Committing to a single style—whether it's the one you see here or something completely different—guarantees a cohesive space. It also makes decorating easier by narrowing the range of options. This doesn't mean you should buy a living room in a box. You don't want things to appear pre-made and impersonal (more on that later).

Stay in touch!
Don't miss out on the conversation we're having at CNN Living. Follow us on Twitter @CNNLiving or "like" us on Facebook to have your say! Get the latest stories and tell us what's influencing your life.

Think about creating style unity among your "big five:" sofa, window treatments, rug, side chairs, and coffee table. Then you can veer a bit from your aesthetic with things like art and decorative objects.

Real Simple: 19 amazing kitchen decorating ideas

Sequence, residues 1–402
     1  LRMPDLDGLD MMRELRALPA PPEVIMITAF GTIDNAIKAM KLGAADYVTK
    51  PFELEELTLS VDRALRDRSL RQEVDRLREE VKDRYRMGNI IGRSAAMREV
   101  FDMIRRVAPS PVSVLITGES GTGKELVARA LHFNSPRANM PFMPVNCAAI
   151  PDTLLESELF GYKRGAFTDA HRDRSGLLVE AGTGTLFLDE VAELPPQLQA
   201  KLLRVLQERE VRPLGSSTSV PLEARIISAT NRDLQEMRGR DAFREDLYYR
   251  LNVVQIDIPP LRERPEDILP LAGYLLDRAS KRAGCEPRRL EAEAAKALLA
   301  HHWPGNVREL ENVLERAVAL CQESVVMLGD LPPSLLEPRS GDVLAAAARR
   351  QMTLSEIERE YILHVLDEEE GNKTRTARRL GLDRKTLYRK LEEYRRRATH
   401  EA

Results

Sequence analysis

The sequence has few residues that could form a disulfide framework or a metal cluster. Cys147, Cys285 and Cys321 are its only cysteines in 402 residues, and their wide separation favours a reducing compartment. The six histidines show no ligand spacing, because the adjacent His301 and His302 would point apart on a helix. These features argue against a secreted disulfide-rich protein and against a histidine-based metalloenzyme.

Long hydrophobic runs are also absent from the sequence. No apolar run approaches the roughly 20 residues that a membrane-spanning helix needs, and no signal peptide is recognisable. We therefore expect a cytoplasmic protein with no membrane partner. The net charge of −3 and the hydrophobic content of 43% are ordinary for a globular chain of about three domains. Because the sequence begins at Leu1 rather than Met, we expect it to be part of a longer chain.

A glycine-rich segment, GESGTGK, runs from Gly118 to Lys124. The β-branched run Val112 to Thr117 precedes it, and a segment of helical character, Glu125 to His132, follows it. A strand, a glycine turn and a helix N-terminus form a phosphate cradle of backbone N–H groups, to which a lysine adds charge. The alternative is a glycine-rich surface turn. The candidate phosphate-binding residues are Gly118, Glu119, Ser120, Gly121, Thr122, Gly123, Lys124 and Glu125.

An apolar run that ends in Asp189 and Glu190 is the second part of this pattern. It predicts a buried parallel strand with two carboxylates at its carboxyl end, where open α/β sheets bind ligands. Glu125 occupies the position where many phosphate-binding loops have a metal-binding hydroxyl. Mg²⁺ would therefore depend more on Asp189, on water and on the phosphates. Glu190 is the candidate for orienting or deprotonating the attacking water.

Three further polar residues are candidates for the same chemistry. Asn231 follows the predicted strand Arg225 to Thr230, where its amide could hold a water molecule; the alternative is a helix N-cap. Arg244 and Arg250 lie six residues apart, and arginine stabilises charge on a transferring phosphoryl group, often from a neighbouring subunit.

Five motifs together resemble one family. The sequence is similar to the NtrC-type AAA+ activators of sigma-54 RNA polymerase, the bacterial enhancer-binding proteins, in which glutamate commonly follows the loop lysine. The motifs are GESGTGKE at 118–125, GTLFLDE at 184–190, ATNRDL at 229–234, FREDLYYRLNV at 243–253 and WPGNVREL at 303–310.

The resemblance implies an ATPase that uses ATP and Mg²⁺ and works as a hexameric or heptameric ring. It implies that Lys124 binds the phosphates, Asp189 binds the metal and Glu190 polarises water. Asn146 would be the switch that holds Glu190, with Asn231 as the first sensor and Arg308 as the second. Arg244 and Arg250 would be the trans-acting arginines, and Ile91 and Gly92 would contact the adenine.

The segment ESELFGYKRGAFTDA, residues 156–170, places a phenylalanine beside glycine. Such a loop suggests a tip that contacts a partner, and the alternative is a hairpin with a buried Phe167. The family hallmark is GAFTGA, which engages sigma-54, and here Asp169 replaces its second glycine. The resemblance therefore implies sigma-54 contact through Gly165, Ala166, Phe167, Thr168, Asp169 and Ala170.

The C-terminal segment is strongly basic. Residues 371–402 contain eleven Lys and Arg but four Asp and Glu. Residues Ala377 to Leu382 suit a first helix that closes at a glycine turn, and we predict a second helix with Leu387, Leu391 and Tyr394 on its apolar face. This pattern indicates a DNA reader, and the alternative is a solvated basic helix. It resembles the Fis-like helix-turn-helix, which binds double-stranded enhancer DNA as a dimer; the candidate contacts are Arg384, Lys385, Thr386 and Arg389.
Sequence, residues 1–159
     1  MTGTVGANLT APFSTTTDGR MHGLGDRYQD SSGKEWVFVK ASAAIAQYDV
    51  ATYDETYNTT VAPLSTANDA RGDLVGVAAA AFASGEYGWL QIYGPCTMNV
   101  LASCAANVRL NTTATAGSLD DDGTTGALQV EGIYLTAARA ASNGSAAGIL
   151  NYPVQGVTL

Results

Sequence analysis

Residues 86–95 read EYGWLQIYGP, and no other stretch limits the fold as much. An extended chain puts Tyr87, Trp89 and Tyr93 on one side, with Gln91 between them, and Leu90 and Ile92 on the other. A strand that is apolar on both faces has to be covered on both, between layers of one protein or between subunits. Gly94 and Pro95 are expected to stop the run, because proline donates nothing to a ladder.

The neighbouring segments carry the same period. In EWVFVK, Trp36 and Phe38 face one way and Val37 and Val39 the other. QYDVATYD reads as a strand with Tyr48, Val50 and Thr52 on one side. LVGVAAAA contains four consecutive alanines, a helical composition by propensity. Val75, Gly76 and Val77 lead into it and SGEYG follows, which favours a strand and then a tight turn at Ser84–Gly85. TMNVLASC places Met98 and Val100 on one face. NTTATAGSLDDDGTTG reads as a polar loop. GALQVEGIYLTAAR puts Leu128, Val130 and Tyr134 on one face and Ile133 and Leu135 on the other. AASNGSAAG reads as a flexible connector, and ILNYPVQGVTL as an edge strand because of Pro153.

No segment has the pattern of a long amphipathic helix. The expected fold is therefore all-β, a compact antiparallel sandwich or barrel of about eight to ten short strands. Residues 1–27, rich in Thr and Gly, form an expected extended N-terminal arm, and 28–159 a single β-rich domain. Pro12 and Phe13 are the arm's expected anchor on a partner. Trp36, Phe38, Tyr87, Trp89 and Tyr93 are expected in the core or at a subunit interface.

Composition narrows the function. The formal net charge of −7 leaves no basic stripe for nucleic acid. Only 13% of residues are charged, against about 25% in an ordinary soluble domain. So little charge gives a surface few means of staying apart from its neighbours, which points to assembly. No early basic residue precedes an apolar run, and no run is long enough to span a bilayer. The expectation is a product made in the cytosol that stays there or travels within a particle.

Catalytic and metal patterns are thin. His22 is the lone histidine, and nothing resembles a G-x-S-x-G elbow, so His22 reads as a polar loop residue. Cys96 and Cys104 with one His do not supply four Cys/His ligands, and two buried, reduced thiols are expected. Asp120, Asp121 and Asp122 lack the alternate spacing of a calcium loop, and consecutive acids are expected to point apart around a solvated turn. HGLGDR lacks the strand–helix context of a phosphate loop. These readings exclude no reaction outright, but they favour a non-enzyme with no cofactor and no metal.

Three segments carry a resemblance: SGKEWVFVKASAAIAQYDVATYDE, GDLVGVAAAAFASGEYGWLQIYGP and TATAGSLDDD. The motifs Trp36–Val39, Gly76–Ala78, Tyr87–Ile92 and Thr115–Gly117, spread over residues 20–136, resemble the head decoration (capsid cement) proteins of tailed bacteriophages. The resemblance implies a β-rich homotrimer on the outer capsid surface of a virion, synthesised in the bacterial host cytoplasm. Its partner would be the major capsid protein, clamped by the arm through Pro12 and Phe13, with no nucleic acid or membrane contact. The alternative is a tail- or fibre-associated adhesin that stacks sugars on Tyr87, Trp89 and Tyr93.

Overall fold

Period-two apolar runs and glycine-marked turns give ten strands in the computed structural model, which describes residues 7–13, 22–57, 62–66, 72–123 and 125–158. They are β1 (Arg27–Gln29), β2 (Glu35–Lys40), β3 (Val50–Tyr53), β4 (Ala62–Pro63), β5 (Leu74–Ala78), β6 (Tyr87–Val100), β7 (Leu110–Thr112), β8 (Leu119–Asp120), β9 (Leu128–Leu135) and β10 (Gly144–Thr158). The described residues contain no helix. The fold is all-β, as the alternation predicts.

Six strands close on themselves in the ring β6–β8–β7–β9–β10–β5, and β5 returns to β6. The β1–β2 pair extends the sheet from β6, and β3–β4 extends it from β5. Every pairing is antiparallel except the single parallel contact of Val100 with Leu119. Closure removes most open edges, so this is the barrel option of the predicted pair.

Before you buy anything, scan your home for items you may already have that fit the look you're going for.

Stick to a strict palette
Nothing makes a room feel more pulled-together than color.

One way to streamline a palette is to think in threes—two main colors, plus an accent color that either keeps the peace or adds vibrancy. In the room by designer Ellen Hamilton, pictured in the gallery above, the major players are peacock blue and coral—two rich jewel tones—and the accent color is cream.

Real Simple: What your paint color says about you

Paint is the foundation for any palette, but just as significant are upholstery, rugs, decorative accessories, and sometimes woodwork. (To make a strong color statement, even flowers and books should abide by the palette parameters.)